Prior to the National Assembly’s Standing Committee on Law and Justice passing the Hindu Marriage Bill on February 8, members of the Hindu and Christian communities gathered in Islamabad for a national conference on the said Bill. The conference, organised by a 25-member delegation, reflected the solidarity of the communities on the consensus that had been reached on the long-deferred Bill. Politicians from different political parties, including from the ruling PML-N as well as from the JUI-F and the PPP, civil society groups and the minority community from across Pakistan attended in the conference and pledged their support for the enactment of a law regulating Hindu marriages. The attendees urged the Punjab and Sindh assemblies to pass resolutions under Article 144 of the Constitution that stipulates that the federal government requires resolution by one or more provincial assemblies to legislate on behalf of the provinces. While the Balochistan and Khyber-Pakhtunkhwa (K-P) assemblies have passed this resolution, the other two provinces have been lagging behind in this area.
Apart from talking about the importance of the Hindu Marriage Bill, another significant area the attendees touched upon was the social and political inclusion of Pakistan’s religious minorities in national life. To his credit, the Chairman of the Standing Committee on Law and Justice, Chaudhary Mahmood Bashir Virk, argued that it was strange that Hindus still didn’t have a law to protect their marital status and family. Like the Muslim citizens of Pakistan, our non-Muslim citizens, regardless of their religious identity, deserve respect and honour and their needs must be met. Virk reiterated that the Standing Committee was all set to pass the Hindu Marriage Bill and it is indeed welcome that just a few days later, this promise was upheld. What now needs to be done as soon as possible is for parliament to pass this law and it is the responsibility of the law minister to move the Bill in the National Assembly.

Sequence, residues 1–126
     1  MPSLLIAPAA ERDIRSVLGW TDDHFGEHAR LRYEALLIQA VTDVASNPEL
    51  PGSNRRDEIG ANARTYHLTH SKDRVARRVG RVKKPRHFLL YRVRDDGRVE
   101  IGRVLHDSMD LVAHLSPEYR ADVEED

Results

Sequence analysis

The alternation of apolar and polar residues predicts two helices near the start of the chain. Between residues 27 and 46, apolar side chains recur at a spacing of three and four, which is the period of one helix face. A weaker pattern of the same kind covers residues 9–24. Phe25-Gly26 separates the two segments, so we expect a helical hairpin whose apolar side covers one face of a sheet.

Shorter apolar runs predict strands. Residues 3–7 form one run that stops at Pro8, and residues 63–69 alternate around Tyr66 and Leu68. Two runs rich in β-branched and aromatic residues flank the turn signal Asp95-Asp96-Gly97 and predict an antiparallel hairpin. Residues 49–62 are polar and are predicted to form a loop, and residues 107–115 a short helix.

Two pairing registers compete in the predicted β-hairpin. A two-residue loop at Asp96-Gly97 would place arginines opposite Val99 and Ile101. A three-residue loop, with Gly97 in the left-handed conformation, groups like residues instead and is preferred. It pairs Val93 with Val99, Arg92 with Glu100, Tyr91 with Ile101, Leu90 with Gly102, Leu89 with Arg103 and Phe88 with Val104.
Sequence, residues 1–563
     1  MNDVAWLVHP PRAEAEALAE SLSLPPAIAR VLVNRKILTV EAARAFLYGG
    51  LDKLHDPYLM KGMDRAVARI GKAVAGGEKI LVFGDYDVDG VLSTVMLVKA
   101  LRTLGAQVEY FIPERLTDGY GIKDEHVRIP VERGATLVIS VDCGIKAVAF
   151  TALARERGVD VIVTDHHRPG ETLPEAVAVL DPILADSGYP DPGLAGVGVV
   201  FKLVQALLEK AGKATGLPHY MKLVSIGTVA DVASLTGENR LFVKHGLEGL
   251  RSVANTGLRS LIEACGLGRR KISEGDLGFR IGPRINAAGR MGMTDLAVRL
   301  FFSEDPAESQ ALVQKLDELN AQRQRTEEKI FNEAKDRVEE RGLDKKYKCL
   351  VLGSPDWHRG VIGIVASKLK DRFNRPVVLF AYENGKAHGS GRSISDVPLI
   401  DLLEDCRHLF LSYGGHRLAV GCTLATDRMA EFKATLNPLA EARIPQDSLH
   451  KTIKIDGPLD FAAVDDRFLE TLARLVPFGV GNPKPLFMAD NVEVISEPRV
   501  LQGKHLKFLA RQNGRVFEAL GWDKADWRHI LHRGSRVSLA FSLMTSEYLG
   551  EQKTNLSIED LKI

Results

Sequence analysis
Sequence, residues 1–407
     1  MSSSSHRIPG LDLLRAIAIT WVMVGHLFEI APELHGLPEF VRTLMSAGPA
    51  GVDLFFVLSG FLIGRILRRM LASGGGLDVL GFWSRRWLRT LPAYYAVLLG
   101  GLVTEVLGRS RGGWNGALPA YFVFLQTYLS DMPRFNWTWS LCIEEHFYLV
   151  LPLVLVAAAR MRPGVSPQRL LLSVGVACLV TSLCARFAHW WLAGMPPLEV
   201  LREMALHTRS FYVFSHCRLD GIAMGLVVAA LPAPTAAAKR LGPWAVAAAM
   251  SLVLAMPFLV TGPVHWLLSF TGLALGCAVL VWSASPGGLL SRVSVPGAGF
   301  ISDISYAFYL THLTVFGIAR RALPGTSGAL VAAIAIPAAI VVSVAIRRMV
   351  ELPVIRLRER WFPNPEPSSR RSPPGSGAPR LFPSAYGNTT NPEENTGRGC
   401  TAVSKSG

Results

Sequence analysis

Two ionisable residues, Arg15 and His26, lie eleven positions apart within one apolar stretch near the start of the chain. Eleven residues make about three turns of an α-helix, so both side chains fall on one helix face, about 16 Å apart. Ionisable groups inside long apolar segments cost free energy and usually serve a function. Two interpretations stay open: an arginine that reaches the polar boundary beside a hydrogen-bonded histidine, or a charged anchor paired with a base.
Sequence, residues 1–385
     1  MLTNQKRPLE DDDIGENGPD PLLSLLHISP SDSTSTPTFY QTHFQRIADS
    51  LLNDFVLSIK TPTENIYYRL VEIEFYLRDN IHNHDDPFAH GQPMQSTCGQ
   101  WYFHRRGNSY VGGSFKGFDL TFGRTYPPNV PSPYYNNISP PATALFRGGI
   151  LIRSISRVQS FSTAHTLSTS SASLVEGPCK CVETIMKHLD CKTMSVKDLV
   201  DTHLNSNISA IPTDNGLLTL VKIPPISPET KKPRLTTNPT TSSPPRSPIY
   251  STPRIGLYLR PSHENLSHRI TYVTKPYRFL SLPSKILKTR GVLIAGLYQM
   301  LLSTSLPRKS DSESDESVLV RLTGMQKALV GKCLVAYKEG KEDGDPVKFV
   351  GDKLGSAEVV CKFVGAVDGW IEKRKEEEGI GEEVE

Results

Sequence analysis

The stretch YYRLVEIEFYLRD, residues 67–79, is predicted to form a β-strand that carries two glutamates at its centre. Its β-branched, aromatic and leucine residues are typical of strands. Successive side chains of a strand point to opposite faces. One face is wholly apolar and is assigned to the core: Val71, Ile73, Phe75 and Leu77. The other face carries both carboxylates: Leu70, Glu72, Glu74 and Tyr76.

Even though the Punjab and Sindh assemblies had not passed the resolutions that empower the centre to legislate in this area, there was no constitutional bar on the Standing Committee of Law and Justice to pass the Hindu Marriage Bill. However, whenever the Bill is passed into law by parliament, it will only be enforced in the federal capital territory, and in K-P and Balochistan. Sindh and Punjab can only adopt this law by passing resolutions to this effect. Given the slow pace seen in this regard in these two provincial assemblies, one can only hope that there are no inordinate delays on their part once the National Assembly passes the law.
Our lawmakers must note that in January 2015, the Supreme Court had told the federal government to enact the Hindu marriage law in two weeks. Before that, in a landmark judgment on June 19, 2014, then chief justice Tassaduq Hussain Jillani had told the federal and provincial governments to frame policies to safeguard minority rights. Despite all assurances by politicians and directions by the apex Court, the matter of the Hindu Marriage Bill was continually deferred due to petty concerns. For over six decades, Hindu citizens have been demanding the enactment of this law to protect their dignity and honour as enshrined in the Constitution. However, the matter was repeatedly put in cold storage possibly due to the fact that the majority of parliamentary parties lacked the political will to resolve issues pertaining to minorities. At the same time, minority parliamentary representation has not been strong enough to influence our legal framework. The ruling party must now do everything possible to pass the Hindu Marriage Bill into law as soon as possible. In addition, as stated earlier, the Sindh and Punjab assemblies must also pass resolutions that can enable the enforcement of a uniform law regulating Hindu marriage in the country.
Published in The Express Tribune, February 12th, 2016.
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